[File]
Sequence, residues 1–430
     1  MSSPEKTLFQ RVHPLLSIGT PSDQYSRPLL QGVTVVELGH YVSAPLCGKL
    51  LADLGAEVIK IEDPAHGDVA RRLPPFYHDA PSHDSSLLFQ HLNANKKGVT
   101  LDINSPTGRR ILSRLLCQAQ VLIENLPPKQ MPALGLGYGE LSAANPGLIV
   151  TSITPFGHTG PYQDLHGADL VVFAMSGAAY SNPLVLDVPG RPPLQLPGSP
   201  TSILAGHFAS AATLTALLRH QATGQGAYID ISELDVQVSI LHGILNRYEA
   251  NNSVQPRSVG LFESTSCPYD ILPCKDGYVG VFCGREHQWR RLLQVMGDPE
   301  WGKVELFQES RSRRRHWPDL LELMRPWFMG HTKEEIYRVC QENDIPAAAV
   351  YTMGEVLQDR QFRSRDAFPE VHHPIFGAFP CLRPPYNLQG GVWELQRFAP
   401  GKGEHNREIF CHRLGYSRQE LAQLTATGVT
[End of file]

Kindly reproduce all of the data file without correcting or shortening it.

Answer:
Sequence, residues 1–430
     1  MSSPEKTLFQ RVHPLLSIGT PSDQYSRPLL QGVTVVELGH YVSAPLCGKL
    51  LADLGAEVIK IEDPAHGDVA RRLPPFYHDA PSHDSSLLFQ HLNANKKGVT
   101  LDINSPTGRR ILSRLLCQAQ VLIENLPPKQ MPALGLGYGE LSAANPGLIV
   151  TSITPFGHTG PYQDLHGADL VVFAMSGAAY SNPLVLDVPG RPPLQLPGSP
   201  TSILAGHFAS AATLTALLRH QATGQGAYID ISELDVQVSI LHGILNRYEA
   251  NNSVQPRSVG LFESTSCPYD ILPCKDGYVG VFCGREHQWR RLLQVMGDPE
   301  WGKVELFQES RSRRRHWPDL LELMRPWFMG HTKEEIYRVC QENDIPAAAV
   351  YTMGEVLQDR QFRSRDAFPE VHHPIFGAFP CLRPPYNLQG GVWELQRFAP
   401  GKGEHNREIF CHRLGYSRQE LAQLTATGVT